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In this Wikipedia article on Average-case complexity there is the text:

For example, many sorting algorithms which utilize randomness, such as Quicksort, have a worst-case running time of $O(n^2)$, but an average-case running time of $O(n \log(n))$, where n is the length of the input to be sorted.

My question is about the use of $O$ as our function for analyzing the average-case scenario. My understanding of $O$ is, essentially, $\leq$, which seems like an odd choice to use for average time, which could be much more tightly defined (perhaps like $\Theta$?).

Is Wikipedia correct to use $O$ here, and if so, why?

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Wikipedia use is correct. The notation $O(\cdot)$ denotes a set of function, in particular $O(f(n))$ contains all functions $g(n)$ for which there is a constant $c$ and a choice of $n_0$ such that $g(n) \le c f(n)$ for all $n \ge n_0$.

The average running time of an algorithm is some function of its input size $n$. Therefore it is perfectly correct to say that a function belongs to a set of functions.

Notice also that if $g(n) \in \Theta(f(n))$ then $g(n) \in O(f(n))$.

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  • $\begingroup$ I guess my question is, sure it's technically correct, it's part of that set, but average time can be much more tightly defined, so why would we go with O, which is technically correct for an infinite number of answers. Since we (presumably) have more tightly bound functions available to us, wouldn't one of them be a more appropriate choice? (BTW, just to give a flavor to any response you write, it took me several minutes to understand the answer you wrote -- I don't have a very rich background here, so any efforts you take to keep your responses easy to understand are def. appreciated!) $\endgroup$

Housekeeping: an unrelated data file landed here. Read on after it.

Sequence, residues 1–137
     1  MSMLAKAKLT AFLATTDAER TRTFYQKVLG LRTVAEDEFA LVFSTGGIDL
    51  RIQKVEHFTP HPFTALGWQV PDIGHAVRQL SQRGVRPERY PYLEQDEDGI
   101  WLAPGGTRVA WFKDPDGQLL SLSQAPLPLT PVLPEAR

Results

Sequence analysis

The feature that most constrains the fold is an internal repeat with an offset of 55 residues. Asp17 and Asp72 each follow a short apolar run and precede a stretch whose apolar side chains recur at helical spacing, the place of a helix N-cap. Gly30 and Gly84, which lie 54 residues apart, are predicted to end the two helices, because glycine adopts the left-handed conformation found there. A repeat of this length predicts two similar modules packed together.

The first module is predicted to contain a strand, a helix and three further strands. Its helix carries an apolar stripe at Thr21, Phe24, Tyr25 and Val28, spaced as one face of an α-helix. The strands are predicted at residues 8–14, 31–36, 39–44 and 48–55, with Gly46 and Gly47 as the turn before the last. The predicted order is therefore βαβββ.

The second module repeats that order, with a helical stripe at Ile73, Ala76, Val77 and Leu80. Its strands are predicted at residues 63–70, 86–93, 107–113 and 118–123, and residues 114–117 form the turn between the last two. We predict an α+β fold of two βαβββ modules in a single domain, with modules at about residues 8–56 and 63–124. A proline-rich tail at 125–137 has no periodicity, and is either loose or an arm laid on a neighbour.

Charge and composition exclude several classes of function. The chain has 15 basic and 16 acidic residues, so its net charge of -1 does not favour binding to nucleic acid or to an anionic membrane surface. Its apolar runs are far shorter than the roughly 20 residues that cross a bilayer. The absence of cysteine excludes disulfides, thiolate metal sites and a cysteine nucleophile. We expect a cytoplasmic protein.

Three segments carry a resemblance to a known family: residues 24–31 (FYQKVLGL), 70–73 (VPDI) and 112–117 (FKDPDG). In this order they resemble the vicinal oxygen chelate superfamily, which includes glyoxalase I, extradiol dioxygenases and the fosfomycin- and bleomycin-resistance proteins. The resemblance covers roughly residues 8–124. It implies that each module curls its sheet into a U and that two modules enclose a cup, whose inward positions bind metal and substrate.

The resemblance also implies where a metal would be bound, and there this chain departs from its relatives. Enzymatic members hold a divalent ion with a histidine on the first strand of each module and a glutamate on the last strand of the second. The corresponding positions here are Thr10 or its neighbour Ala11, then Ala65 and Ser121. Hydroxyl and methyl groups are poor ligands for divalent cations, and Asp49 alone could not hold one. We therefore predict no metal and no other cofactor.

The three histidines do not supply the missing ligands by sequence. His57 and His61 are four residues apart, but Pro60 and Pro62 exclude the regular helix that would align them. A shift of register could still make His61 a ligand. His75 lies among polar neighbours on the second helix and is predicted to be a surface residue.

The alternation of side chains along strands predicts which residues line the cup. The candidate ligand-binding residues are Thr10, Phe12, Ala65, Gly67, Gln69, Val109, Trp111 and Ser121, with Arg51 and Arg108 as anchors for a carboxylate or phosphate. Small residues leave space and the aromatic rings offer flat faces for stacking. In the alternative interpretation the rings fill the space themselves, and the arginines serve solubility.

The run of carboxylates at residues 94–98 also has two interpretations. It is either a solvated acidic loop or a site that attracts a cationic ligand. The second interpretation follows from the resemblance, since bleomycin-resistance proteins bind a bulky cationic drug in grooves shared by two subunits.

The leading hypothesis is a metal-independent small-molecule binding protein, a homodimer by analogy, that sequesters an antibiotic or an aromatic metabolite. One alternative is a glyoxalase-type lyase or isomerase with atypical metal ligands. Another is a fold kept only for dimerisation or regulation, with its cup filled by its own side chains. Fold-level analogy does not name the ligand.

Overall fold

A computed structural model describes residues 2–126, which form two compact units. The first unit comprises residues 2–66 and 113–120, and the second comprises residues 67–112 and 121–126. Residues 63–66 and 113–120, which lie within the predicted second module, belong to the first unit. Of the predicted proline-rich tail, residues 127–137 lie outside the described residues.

– Ben I.
    Nov 10, 2021 at 20:17
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    $\begingroup$ You can definitely replace the $O(\cdot)$ notation with the $\Theta(\cdot)$ notation in the Wikipedia sentence while keeping it true and also making it more precise. The $O(n \log n)$ part doesn't really bother me but $O(n^2)$ does. The message the sentence is trying to convey is "while the worst case complexity is quadratic, randomization lowers the average complexity to $n\log n$". I would hence expect a lower-bound on the worst-case complexity (either $\Omega(\cdot)$ or $\Theta(\cdot)$, but not $O(\cdot)$) and an upper bound on the average complexity (either $O(\cdot)$ or $\Theta(\cdot)$) $\endgroup$
    – Steven
    Nov 10, 2021 at 21:07

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